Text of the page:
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Anglican Church of Canada votes to allow same-sex marriage

July 13, 2016 No Comment

Anglican Church of Canada.

CANADA – The Anglican Church of Canada (ACC) has voted to allow clergy to officiate over same-sex marriages, breaking with the Christian Church’s historic understanding of marriage down through the centuries and exacerbating tensions in a church body long polarized over the issue of human sexuality.

The issue was broached during the ACC’s General Synod in on July 11, 2016 during which time a resolution to approve same-sex marriage seemed to fail by one vote. Votes by the Order of Bishops and the Order of Laity passed the 2/3 requirement in order to make the change, but the Order of Clergy vote apparently fell short of the 2/3 majority required by one vote.

On July 12, however, ACC Archbishop Fred Hiltz announced there had been a voting error and that a 2/3 majority had in fact been reached by the Order of Clergy. Reportedly, the General Secretary’s vote had been incorrectly counted as lay instead of clergy.

The change in church teaching must be ratified at the 2019 General Synod, but a number of ACC bishops have indicated they will move to allow same-sex marriage immediately (with many saying so even while the vote was presumed to have failed).

In voting to allow same-sex marriage, the ACC follows in the steps of its American sister church, The Episcopal Church (TEC). And just as with the American church’s decision, the ACC’s change in doctrine is likely to further enflame discord in the worldwide Anglican Communion. A recent meeting of Anglican world primates in Canterbury voted to censure TEC for approving same-sex marriage, a move they said represents “a fundamental departure from the faith and teaching held by the majority of our Provinces on the doctrine of marriage.” Consequently the Primates agreed to suspend TEC from full participation in the Anglican Communion for a period of three years, decreeing that they not be allowed to take part in “decision making on any issues pertaining to doctrine or polity.”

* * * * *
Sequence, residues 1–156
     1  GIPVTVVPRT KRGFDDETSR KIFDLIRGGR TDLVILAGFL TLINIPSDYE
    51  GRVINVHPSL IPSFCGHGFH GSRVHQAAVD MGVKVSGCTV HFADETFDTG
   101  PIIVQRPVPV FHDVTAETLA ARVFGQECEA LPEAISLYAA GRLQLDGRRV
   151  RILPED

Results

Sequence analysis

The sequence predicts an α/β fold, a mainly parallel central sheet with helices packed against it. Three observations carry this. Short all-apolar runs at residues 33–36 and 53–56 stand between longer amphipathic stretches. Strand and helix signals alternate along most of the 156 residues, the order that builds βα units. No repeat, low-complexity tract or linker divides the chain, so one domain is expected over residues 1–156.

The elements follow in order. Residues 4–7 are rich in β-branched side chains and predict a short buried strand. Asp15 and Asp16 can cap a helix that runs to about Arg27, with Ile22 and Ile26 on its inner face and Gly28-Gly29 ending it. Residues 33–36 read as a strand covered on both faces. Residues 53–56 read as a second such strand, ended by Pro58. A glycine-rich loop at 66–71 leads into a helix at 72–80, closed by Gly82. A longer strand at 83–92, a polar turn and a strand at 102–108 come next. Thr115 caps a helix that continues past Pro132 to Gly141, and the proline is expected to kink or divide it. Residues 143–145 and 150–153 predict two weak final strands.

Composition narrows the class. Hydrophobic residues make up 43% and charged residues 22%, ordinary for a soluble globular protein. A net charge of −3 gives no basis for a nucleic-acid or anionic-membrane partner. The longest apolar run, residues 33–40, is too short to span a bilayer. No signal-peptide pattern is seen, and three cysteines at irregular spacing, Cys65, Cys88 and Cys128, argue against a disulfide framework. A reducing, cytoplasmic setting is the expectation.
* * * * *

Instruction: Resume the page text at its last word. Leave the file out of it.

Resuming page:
The statement also noted that “possible developments in other Provinces could further exacerbate this situation”—an oblique reference to the Anglican Church of Canada’s then-upcoming vote on same-sex marriage.

It is likely that some disaffected Canadian Anglicans will reach out to the Anglican Church in North America (ACNA) for support. ACNA was founded in 2009 by disaffected members of the ACC and the TEC who had long been concerned with the increasingly liberal theological positions of their church body on issues like human sexuality and, more broadly, the authority of Scripture. Today ACNA has grown to encompass 112,000 members in nearly 1,000 congregations across the United States, Canada, and Mexico. A number of Anglican churches worldwide no longer recognize TEC or ACC as their communion partners in North America, opting instead for relations with ACNA solely.

Lutheran Church–Canada (LCC), along with its American counterpart The Lutheran Church–Missouri Synod (LCMS), has been a dialogue partner of ACNA for several years, finding initial common ground on issues like marriage. Earlier this year, the churches released an interim report reporting wide-ranging agreement on a variety of other doctrines, rejoicing in “the deep common bonds between us in the Body of Christ” and celebrating “the large measure of consensus” identified thus far.

Dialogue between LCC, the LCMS, and ACNA continue.


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